Hank Paulson, former secretary of the U.S. Treasury, called it “an economic 9/11.”
Having loaded up on mortgage debt that went sour, then failed to find a savior in the government or private sector, the 158-year-old Wall Street investment bank Lehman Brothers filed for bankruptcy on Sept. 15, 2008.
The fallout over the following days, weeks and months would threaten to topple the entire financial system, necessitating trillions of dollars in rescue lending to banks and other firms by governments and central banks. The global financial system hadn’t looked more fragile at any point since 1929.
Worse, support for the system was undermined by the fact that Wall Street executives still collected multimillion-dollar bonuses – even as millions of the taxpayers, who helped fund those bonuses, lost their homes.
Within a couple of months of Lehman’s bankruptcy, though, a new piece of technology would debut – almost unnoticed – one that appeared to offer an alternative to this catastrophe-prone system. On October 31, 2008, an unidentified individual going by the name Satoshi Nakamoto published the Bitcoin white paper to a cryptography mailing list.
The paper described “a purely peer-to-peer version of electronic cash [that] would allow online payments to be sent directly from one party to another without going through a financial institution.”
Satoshi had almost certainly been working on the protocol for months or years prior to Lehman’s collapse but, according to Cornell computer science professor and blockchain researcher Emin Gun Sirer, there was a timely motive to the launch.
Sirer told CoinDesk:
“It’s very clear that Satoshi was affected by the events that led up to the financial crisis of 2008, and then it’s obviously recorded in the genesis block as well.”
As awareness of Bitcoin spread, different people saw different things in it, but for many, it represented an alternative to fiat currency issued by central banks (which had just fired up the proverbial printing presses again) and the fractional reserve banking system (which had nearly collapsed beneath a mountain of lending).
Most of all, it promised to bypass the financial institutions the crisis had cast such doubt on.
Laszlo Hanyecz, known as “Bitcoin Pizza Guy” for becoming the first person to use the cryptocurrency to purchase real-world goods (two pizzas for 10,000 BTC in May 2010), told CoinDesk that he believed Bitcoin could replace “the established system of banks and the endless line of middlemen all taking a cut.”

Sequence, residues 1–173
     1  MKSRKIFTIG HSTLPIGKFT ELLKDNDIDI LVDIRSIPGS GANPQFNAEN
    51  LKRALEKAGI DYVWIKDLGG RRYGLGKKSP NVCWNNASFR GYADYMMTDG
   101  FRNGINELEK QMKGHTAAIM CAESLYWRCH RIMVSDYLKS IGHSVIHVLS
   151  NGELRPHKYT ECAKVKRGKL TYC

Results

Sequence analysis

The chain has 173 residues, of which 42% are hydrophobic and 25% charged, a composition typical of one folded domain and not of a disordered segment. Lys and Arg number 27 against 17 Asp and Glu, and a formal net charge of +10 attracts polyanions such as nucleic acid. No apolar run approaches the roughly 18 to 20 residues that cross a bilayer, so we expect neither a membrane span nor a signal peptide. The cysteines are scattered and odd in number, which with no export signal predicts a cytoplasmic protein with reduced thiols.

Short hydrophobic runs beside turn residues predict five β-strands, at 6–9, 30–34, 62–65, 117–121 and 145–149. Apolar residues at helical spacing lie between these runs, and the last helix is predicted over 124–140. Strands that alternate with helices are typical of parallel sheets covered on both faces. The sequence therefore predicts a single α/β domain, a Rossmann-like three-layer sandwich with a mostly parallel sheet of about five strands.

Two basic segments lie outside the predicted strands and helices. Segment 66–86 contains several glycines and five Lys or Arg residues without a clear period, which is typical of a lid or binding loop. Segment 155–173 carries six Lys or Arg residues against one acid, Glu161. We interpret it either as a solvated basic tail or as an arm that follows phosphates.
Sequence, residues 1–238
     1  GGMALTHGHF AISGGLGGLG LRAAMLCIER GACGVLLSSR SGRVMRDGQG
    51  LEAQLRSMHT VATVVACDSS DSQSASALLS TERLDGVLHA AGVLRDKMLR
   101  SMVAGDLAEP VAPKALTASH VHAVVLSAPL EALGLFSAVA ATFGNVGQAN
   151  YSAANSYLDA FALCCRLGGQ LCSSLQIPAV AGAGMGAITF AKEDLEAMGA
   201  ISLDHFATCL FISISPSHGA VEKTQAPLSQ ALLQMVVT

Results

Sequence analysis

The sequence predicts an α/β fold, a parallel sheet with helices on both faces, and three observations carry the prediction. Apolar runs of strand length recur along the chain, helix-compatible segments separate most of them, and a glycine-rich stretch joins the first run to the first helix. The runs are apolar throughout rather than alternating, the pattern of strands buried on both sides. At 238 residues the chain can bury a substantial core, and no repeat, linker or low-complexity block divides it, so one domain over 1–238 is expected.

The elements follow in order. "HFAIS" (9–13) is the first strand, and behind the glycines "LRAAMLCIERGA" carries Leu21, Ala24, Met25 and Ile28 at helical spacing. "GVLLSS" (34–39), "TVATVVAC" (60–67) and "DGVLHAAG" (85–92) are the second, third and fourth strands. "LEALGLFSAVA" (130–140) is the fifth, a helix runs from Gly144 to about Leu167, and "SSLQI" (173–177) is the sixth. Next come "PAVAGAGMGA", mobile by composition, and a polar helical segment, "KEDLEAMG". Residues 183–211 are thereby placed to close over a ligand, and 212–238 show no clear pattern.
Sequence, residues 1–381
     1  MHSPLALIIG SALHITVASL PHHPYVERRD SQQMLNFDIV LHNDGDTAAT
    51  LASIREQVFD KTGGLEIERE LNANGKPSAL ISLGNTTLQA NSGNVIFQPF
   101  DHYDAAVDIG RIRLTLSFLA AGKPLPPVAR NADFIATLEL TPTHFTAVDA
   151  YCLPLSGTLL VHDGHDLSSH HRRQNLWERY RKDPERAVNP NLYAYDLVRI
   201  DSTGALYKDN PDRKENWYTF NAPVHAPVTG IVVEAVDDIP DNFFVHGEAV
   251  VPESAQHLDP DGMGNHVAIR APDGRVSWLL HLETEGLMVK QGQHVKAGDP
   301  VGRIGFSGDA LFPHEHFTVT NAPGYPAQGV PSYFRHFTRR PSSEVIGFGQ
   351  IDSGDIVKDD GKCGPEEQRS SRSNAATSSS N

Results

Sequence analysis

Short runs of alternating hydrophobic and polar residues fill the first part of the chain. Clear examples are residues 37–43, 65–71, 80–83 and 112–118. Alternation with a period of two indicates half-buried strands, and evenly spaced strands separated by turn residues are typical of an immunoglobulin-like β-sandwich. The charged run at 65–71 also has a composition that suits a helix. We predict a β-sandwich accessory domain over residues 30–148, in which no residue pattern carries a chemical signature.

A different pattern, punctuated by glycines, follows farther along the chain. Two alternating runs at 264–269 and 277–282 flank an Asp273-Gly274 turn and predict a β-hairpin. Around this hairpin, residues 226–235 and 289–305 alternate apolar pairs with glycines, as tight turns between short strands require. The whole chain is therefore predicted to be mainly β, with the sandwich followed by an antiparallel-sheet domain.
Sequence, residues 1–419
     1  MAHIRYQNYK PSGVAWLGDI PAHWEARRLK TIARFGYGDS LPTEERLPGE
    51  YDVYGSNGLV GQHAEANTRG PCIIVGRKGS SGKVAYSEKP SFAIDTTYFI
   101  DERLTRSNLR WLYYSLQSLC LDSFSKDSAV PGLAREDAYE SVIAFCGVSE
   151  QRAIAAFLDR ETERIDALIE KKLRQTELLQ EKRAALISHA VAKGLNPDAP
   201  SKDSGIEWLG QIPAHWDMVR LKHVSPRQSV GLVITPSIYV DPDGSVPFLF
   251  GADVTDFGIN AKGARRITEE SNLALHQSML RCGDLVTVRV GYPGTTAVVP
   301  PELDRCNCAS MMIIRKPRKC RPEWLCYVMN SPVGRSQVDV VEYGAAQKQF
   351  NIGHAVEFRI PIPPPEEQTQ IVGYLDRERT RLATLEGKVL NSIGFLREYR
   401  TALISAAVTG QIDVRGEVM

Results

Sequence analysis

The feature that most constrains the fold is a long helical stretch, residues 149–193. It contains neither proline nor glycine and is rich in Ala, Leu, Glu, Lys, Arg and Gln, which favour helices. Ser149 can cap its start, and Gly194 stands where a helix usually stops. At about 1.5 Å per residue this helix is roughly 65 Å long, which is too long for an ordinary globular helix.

Yet over the past decade, the worlds of Bitcoin – and its cryptocurrency and blockchain offshoots – and traditional finance have begun to interact in ways almost no one would have predicted early on.
Wall Street veterans are decamping to work for firms focused on cryptocurrency. Major financial institutions are flirting with blockchain. And cryptocurrency investors are pushing for the creation of investment vehicles by industry incumbents.
Ten years after Bitcoin was born into the flames of the financial crisis, have the cryptocurrency community and Wall Street made nice?
Bitcoin versus the world?
Early on, the ethos around Bitcoin was undeniably subversive.
One early adopter and miner, who asked to remain anonymous, told CoinDesk that “in the very beginning” there was “a great deal of discussion about the anarcho-capitalist and/or libertarian ideals” that Bitcoin appeared to make possible.
He mentioned dark web markets such as Silk Road, which used Bitcoin, but noted that these rested on a misunderstanding of the protocol’s limited anonymity.
Even ignoring its illicit use cases, though, the creation of decentralized money appeared to pose a threat to the established order. It provided, the early adopter said, an escape from “the interpersonal and cultural damage and destruction done by the monetary monopolies” – meaning banks and governments.
Taariq Lewis, a long-time cryptocurrency developer whose most recent project is codenamed Lyra Protocols, agreed that “Bitcoin was always meant to bypass the financial system.”
As such, some early Bitcoiners worried that participating in such a project could be dangerous.
Stefan Thomas, who discovered Bitcoin through the random-browsing site StumbleUpon in 2010, and then went on to work as Ripple’s CTO before starting his own venture, told CoinDesk:
“A lot of people early on in the Bitcoin community were very worried that central banks would look at this as a fundamental threat to one of the key, key, pillars of power of the government, which is the ability to issue currency. And so a lot of people early on stayed anonymous, they did not reveal their real identities.”
As it turns out, he said, most of the supposed central bank “illuminati” were simply curious about the new…